Root canals through crowns
Root canals are commonly done through old crowns if significant decay is not seen on the xray in order to divide treatment into stages for economic or time reasons. However, if significant decay is found to be present, the crown should be removed to eliminate decay first and make sure the tooth is savable. Also so that the decay won't progress too far, if the a new crown is not to be done soon, it would be wise to remove the old crown and all the decay, otherwise the tooth might continue to decay and be lost despite the root canals presence. Talk to your dentist about options at this point.
Should a Root Canal Be Done with the Old Crown in Place??
Is is very common to have the root canal done through a crown. I am not concerned about that or that being a problem.
It sounds like once the pain stopped, and the old crown was removed that there was more decay under that crown than would have been anticipated from looking at the outside of it. It is rare, but not impossible to have an unexpected surprise like this.
In situations where I am concerned there could be a really deep cavity under the crown I might take off the old crown first. In my practice I would want to go back and take a hard look at any other old crowns to make sure that the same issue wouldn't show up again there.
Like most situations in dentistry, ask good questions to your dentist. Listen well. If you are confused or even don't like the answer, ask more questions. Don't start a new treatment until you are comfortable with the pro's and con's of what may occur. Great communication before, during, and after, make for a great dental experience.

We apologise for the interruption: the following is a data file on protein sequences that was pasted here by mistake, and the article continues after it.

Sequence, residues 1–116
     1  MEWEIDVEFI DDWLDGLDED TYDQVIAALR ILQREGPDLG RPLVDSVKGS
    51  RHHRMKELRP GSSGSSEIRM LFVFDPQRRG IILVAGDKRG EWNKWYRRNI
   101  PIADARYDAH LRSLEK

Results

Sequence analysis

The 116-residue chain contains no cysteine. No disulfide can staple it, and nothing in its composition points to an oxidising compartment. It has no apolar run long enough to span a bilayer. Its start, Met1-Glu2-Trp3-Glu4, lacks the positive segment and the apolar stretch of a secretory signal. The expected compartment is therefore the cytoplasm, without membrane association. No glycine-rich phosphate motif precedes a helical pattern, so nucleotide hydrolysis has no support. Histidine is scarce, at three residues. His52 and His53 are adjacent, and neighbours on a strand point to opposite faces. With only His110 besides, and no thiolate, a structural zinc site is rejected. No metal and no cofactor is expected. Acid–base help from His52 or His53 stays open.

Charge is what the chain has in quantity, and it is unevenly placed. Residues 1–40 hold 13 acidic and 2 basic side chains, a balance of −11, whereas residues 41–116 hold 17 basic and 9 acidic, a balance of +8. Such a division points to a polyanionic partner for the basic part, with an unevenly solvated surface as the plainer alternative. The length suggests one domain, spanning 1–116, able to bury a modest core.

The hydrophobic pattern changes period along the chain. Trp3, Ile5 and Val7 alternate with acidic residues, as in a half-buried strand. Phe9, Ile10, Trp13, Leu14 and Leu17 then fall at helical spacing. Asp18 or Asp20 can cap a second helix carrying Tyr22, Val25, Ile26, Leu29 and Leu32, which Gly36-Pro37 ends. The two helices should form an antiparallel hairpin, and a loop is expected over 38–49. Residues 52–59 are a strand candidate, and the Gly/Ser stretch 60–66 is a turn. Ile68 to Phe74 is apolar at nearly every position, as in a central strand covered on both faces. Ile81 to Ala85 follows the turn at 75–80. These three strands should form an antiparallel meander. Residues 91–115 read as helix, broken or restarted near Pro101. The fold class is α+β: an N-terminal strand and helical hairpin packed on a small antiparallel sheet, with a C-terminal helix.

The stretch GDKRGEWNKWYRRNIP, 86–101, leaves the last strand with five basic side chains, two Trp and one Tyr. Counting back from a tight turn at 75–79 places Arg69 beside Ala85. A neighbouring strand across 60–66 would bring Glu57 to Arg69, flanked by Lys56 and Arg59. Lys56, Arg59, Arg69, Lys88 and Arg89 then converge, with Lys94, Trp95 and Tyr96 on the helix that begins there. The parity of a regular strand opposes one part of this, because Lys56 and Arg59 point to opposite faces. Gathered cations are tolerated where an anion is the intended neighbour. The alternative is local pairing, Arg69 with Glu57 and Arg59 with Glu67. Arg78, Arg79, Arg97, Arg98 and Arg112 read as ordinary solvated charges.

Web reference: http://www.ScottGreenhalghDDs.com
Can root canals be done through an old crown
Sorry to hear that your Doing root canal through a crown is not unusual, however the older the crown , the less the chance that the tooth can be restored . The problem is that old crowns were mainly were fully or partially made out of metal. Therefore, the dentist cannot detect the amount of destruction under the crown since x-rays do not penetrate through metal. Some patients cannot afford to pay for root canal and renew the crown and dentists try to buy "time" for their patients so that financially they do not undergo excessive cost. Therefore they perform the root canal first, and then they renew the crown.
Now that the tooth needs extraction , the best option is placing an implant . Good luck.
Old root canals.
Sorry to hear your found out after the RCT that the tooth was too deteriorated. It probably should have been picked up at the time the RCT was done. Best treatment at this point is to remove the root and replace with an implant. Second preference would be a bridge. When the tooth is extracted make sure the socket is "grafted or an immediate implant is placed.
These answers are for educational purposes and should not be relied upon as a substitute for medical advice you may receive from your physician. If you have a medical emergency, please call 911. These answers do not constitute or initiate a patient/doctor relationship.